Just call me Bob

By: Daniel Hutchinson

Daniel Hutchinson
From The Hutch

 It is one of life’s great mysteries: why are we so drawn to the water?

Like tens of thousands of others in the Bay this year I have jostled with other humans on the roads, parked up the car, burned my feet crossing the sand dunes and run the gauntlet of biting insects.

I do all of this just to plunge my bi-peddling, land lubber body into an environment so totally alien that I might as well have shot myself out of a cannon into outer space.

As the receding waves try furiously to suck me out and the incoming surge warns me with a cold slap on the belly, there’s a strange sense of health and wellbeing.

That’s the weirdest thing, because on the face of it the ocean is not a great place to be for a human being.

 

Small fry

For starters, in hand-to-hand combat, we are nowhere near the top of the food chain and fish don’t even have hands.

You could say the same thing on land of course. I wouldn’t play bullrush with a hippo, wrestle a tiger or fist-pump a silver back.

But in the ocean, we really are at a disadvantage. I’ve got a mean side stroke but even a baby fur seal can swim circles around me. The main problem, of course, is that we can’t breathe underwater. With 14 drownings since Christmas Eve, New Zealand is on track for its deadliest summer in the water for 40 years.

To add to that, all summer we have heard reports of great white sharks up and down the coast in unusually large numbers and, in one tragic case, with deadly consequences.

Then there are all the people who have emerged from the water covered in red itchy stings, apparently caused by thimble jellyfish. Pharmacies near the beach report dozens of people every day turning up covered in spots and seeking some relief from the pain and the itching.

Some of those spots are attributed to the mysterious insect with the serial-killer name - The Mount Mauler.

 

Brain power

So why do we gain so much pleasure from a dip in the ocean, with all its salty side-effects?

My favourite position is to float just behind where the waves break – the sensation of rising and falling is magic. My middle name is Robert, but when I’m in the water people just call me Bob.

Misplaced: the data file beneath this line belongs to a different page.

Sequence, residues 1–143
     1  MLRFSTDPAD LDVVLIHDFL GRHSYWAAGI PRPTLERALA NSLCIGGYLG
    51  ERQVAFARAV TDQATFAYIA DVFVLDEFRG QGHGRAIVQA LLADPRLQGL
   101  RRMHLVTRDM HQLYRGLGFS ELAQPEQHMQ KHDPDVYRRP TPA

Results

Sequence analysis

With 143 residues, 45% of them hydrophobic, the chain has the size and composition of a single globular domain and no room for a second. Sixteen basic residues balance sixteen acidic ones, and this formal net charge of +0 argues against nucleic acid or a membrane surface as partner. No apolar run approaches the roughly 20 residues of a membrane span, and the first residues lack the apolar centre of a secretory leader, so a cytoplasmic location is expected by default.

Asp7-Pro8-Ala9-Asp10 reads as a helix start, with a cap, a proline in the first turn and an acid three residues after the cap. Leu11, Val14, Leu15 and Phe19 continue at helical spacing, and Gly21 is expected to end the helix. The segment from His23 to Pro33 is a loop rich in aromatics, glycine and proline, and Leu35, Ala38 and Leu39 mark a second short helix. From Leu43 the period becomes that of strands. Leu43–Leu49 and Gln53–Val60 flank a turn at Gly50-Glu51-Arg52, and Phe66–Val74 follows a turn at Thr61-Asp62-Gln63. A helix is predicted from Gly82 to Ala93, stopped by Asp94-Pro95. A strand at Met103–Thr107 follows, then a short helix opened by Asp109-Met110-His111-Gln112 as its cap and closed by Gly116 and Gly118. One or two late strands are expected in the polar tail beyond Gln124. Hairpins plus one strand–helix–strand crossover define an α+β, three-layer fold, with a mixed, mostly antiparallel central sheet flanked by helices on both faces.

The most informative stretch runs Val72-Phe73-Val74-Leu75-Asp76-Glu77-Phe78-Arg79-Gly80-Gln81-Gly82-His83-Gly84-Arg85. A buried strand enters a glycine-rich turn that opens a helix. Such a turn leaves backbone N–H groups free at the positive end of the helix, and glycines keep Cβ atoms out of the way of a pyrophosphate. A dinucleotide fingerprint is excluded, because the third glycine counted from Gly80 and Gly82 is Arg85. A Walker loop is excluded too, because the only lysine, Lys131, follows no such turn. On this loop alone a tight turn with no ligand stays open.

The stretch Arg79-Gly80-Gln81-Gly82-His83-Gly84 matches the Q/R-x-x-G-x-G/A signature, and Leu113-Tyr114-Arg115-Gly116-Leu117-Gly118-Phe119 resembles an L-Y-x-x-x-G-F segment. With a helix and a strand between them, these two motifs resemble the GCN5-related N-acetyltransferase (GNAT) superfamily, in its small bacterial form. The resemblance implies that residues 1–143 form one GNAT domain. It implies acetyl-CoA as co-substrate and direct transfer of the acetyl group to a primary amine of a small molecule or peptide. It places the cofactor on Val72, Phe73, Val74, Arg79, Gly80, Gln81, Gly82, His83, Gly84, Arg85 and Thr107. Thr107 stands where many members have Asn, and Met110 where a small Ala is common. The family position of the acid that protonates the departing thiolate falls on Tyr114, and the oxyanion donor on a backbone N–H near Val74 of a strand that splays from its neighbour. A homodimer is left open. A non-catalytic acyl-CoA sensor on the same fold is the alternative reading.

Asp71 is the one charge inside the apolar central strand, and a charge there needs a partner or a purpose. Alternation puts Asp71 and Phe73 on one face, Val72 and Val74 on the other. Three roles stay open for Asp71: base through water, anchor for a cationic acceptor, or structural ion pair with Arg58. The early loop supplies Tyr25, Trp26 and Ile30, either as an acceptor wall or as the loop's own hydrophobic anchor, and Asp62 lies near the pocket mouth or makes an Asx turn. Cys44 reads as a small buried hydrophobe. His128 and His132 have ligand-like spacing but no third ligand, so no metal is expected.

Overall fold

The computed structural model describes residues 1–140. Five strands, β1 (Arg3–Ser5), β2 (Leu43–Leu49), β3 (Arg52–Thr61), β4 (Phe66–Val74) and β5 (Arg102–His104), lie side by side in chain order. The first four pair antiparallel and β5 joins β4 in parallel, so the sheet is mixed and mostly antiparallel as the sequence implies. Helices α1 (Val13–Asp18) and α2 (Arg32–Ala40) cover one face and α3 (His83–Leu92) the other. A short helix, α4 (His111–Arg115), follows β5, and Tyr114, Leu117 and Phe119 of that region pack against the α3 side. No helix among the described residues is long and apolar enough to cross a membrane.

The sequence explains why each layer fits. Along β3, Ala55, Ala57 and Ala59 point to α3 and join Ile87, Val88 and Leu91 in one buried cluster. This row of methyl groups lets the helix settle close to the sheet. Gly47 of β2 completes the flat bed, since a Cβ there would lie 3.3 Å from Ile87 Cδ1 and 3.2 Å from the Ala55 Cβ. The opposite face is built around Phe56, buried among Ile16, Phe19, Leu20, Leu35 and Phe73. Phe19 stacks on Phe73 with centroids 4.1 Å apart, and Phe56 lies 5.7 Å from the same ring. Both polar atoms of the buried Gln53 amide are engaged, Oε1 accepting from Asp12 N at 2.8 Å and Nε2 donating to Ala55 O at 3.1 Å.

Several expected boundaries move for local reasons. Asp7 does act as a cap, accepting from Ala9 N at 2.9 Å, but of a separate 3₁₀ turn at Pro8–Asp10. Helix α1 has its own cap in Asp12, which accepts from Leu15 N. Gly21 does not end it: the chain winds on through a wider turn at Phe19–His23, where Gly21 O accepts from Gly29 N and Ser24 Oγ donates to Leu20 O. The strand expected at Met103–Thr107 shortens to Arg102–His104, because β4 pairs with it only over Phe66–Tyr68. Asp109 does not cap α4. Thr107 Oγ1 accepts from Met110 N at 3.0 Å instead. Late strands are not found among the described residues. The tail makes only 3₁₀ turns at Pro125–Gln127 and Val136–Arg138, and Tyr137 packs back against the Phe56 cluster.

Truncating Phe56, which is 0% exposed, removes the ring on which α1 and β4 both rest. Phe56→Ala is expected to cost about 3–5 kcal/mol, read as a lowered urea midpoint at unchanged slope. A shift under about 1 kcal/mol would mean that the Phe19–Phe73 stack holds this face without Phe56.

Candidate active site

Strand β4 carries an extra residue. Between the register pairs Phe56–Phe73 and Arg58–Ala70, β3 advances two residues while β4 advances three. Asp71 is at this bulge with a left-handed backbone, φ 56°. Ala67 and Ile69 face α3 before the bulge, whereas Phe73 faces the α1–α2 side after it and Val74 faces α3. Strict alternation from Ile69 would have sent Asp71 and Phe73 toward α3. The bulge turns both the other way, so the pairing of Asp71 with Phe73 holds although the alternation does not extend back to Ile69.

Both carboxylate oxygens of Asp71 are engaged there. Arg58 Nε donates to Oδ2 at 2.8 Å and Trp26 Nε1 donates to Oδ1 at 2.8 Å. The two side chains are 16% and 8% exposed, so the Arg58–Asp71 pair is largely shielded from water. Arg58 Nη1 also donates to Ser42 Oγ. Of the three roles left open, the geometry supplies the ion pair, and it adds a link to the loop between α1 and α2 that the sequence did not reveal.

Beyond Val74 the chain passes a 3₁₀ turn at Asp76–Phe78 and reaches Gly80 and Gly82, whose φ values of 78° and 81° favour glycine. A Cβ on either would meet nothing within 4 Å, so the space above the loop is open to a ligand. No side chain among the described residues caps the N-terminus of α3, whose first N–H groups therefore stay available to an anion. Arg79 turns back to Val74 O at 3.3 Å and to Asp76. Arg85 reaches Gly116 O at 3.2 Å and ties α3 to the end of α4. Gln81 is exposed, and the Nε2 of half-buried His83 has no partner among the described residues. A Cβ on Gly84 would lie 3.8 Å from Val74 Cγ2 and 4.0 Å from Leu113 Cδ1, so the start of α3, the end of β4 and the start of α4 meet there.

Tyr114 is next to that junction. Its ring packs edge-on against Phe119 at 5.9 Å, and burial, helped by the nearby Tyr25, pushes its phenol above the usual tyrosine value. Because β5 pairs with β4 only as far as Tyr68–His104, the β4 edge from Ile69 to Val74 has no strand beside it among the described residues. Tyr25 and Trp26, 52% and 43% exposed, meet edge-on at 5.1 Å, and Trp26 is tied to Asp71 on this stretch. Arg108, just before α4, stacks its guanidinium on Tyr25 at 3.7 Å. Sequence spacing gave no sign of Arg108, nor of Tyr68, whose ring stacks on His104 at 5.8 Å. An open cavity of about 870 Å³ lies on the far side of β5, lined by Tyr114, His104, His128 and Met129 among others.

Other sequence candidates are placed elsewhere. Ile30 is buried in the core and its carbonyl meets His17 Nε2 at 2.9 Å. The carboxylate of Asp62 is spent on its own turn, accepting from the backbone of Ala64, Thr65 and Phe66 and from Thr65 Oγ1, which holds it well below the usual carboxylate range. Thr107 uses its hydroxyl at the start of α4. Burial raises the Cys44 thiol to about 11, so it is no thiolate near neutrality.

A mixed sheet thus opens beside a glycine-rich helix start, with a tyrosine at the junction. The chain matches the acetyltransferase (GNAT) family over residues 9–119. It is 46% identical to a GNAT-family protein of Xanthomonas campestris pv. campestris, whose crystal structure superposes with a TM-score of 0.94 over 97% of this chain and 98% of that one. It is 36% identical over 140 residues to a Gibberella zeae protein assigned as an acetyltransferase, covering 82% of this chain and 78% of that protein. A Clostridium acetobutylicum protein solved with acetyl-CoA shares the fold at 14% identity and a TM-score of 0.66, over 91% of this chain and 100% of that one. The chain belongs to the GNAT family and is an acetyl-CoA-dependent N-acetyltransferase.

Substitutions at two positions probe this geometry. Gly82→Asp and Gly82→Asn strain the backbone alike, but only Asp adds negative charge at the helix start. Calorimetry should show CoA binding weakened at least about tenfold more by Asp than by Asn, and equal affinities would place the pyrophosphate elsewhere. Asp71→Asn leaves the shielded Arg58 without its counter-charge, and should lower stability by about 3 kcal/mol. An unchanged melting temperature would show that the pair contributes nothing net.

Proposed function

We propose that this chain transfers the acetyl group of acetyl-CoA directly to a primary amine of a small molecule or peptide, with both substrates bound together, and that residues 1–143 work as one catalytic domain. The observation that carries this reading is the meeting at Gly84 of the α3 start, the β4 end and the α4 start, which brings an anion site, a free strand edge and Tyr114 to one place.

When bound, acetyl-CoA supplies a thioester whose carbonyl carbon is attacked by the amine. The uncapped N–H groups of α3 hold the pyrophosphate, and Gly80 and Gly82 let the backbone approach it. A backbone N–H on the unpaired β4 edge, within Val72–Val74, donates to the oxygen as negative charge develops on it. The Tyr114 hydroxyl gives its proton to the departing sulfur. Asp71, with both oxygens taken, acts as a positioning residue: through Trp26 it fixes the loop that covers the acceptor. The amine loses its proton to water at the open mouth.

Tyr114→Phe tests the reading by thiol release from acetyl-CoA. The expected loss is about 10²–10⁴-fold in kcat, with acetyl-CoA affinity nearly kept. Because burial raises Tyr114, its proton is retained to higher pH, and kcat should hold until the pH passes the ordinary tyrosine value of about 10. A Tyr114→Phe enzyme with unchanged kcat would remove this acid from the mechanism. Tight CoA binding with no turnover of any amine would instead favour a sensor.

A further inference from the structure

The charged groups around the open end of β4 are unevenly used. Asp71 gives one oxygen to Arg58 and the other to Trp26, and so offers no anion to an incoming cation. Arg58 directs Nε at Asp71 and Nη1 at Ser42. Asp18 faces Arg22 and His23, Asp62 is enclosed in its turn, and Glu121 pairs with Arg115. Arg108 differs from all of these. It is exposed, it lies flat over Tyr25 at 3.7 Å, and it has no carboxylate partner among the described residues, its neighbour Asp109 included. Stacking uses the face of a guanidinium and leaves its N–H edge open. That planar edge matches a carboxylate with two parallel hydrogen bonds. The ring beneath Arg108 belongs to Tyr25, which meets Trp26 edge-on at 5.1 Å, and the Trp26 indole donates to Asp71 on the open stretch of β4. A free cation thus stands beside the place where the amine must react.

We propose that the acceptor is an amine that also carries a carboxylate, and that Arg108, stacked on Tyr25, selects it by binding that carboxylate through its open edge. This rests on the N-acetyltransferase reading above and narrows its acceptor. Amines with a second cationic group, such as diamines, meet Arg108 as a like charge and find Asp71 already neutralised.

This yearning for the ocean could be explained by University of North London neuroscientist Michael Crawford, who reckons it all stems back to when humans separated from apes.

These hairy forebears started eating fish and shellfish – foods high in omega-3 fatty acids and excellent for promoting brain cell growth.

He says its no coincidence that human brain growth started increasing dramatically once we swapped the woods for the waves.

 

The joy of surf

Swimming is also a very energetic thing to do, and apparently the only recreational pursuit that burns more calories is sex.

Given my body surfing style, the ocean provides way more positions than a roll in the hay ever could. In fact, 30 seconds of vigorous tumbling in the surf like a mako shark on a sugar rush and I’m back to being Bob for a bit.

Proximity to the ocean is also thought to do wonders for mental health, and this is backed up by a study in the UK which involved a smartphone app and 20,000 users who made more than a million reports on their state of mind.

This was correlated to their geographical location and the findings were quite clear – the happiest people were those near water or in the great outdoors, away from urban environments.

There is a wealth of other studies that show proximity, and even just being able to see the water, is a great way to get rid of stress.

 

Taking precautions

It’s hard to be happy if you are being swept out to sea though, so stay between the flags or at least have someone watching out for you when you’re doing the wild tango in the waves.

Drowning should only ever be a metaphor and never literal, so like many other things its about knowing your limits, limbering up and choosing your position wisely.

The ocean is also very good for your skin, unless a stinging or biting marine creature takes a fancy to you, and sand is apparently a very good natural exfoliant. Anyone who has belly landed in the shallows will attest to that.

So be safe folks, pack the sunscreen and insect repellent and soak up the summer with your favourite people.

daniel@thesun.co.nz